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Lincoln High School celebrates Black history through student Jeopardy, door decorating and design

Northeast Philadelphia high school highlights Black history with Jeopardy Championship
Northeast Philadelphia high school highlights Black history with Jeopardy Championship 02:28

PHILADELPHIA (CBS) -- As Black History Month comes to a close, students at Abraham Lincoln High School in Northeast Philadelphia continue to celebrate the culture and history of people of African descent in a variety of ways.

Wednesday, the school held a Black History Month Jeopardy Championship — the seventh annual event of its kind that brings student teams together to answer questions on various topics related to Black history, including: "Notable Moments", "Literature", "Excellence in Art and Entertainment", and "Civil Rights in the U.S."

Olivia Munn, a freshman, was a contestant in Wednesday's quiz game. She said studying African American history at Lincoln has made her feel more in touch with her own background.

"I became much more knowledgeable and I felt really connected with my family," Munn said.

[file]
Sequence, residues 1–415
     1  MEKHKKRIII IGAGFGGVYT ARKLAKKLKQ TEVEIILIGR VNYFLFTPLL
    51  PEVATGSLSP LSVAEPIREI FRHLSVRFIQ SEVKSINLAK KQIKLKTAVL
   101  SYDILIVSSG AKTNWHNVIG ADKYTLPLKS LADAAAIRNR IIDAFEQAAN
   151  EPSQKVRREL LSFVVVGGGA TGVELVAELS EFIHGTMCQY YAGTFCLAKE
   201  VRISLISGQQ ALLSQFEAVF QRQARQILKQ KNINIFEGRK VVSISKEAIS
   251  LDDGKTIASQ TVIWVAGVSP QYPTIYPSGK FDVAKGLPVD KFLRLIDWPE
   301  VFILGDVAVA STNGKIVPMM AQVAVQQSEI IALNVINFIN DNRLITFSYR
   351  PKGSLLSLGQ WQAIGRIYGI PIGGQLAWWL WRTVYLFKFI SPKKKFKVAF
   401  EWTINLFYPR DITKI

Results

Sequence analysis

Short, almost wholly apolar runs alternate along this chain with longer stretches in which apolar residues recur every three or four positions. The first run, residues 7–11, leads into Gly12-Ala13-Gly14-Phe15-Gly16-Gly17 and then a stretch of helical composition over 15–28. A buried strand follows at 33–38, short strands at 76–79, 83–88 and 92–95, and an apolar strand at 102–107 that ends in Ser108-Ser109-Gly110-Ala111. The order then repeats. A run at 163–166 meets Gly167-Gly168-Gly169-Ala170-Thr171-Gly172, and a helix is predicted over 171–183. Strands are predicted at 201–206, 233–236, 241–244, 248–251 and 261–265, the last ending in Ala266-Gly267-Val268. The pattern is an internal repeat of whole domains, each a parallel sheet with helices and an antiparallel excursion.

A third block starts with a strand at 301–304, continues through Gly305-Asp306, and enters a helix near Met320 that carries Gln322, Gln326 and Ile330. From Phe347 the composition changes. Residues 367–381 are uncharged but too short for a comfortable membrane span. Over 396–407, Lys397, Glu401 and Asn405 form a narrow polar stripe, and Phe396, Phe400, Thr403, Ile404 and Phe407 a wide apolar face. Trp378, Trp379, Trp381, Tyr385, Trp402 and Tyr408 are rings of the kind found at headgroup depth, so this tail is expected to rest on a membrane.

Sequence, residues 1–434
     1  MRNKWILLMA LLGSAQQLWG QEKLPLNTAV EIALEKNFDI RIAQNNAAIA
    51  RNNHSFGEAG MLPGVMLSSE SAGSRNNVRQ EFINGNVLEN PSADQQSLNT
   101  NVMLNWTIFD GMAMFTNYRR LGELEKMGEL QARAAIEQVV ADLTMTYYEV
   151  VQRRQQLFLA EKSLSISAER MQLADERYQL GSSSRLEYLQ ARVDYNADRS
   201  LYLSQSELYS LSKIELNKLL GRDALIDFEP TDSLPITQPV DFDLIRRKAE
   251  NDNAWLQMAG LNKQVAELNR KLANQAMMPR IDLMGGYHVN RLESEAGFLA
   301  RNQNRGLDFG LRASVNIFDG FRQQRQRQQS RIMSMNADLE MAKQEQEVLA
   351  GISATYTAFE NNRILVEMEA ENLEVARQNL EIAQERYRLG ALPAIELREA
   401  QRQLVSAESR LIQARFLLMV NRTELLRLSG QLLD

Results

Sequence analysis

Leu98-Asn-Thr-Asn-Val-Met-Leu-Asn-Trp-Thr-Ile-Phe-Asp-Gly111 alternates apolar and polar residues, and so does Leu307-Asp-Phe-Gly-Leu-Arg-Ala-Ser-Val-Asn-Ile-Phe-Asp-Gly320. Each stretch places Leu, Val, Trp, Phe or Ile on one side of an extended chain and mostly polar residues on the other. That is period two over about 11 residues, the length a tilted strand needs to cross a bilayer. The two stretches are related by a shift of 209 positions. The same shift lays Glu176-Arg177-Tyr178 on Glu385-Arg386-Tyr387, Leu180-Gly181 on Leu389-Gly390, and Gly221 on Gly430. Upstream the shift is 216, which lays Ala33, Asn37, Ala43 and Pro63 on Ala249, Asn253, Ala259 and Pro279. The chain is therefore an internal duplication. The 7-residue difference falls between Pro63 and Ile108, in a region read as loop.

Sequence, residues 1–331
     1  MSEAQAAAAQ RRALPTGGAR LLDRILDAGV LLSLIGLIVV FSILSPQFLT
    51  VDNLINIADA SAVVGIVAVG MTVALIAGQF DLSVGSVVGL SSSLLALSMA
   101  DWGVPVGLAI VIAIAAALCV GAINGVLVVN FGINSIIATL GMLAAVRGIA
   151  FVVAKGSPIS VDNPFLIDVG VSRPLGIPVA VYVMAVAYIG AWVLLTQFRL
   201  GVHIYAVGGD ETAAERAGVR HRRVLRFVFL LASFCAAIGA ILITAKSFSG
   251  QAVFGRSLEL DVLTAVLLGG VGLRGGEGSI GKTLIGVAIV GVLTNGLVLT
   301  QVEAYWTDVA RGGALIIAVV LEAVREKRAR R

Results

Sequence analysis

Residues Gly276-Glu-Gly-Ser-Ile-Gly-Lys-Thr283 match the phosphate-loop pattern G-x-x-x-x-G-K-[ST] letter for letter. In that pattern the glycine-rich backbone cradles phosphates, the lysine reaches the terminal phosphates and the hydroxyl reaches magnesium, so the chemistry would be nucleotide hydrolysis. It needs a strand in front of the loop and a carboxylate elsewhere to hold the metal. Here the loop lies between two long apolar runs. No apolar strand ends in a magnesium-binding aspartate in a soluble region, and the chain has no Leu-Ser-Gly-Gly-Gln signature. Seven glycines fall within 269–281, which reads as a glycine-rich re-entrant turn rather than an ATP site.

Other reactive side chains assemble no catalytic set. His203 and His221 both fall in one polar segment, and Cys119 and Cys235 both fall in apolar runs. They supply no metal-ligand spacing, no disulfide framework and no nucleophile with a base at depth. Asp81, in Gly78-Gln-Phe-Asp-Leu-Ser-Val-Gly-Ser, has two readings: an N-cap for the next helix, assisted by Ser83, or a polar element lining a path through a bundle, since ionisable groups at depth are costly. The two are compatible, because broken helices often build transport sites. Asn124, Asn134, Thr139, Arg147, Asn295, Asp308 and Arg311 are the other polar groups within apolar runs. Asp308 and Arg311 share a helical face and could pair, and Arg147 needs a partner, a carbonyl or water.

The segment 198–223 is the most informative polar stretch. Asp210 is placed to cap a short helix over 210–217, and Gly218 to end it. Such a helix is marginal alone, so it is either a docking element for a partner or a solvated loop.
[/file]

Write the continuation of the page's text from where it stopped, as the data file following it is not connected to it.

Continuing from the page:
Endy Jimenez was on the team that won the championship. He said the team had one day to get together and study.

"We basically divide and conquer," Jimenez said.

Featured on the championship medal is the school's official school design for Black Heritage Month 2024, designed by student Davy Liu. Though Liu is the son of two first-generation Chinese immigrants, he sees value in uplifting Black culture.

CBS News Philadelphia

"By better understanding someone of another ethnicity, you start to realize that being different is actually the good part," Liu said.

Christian Imperato, who teaches African American history, helped facilitate a door-decorating event. Students got together to decorate classroom doors with Black trailblazers in a number of areas, from jazz musicians to engineers to members of the Black Panther Party.

"For so long these stories haven't been told, and for so long many of our students haven't felt like part of the story or part of history," Imperato said. "So getting them engaged and learning these stories and feeling more part of it is really important."

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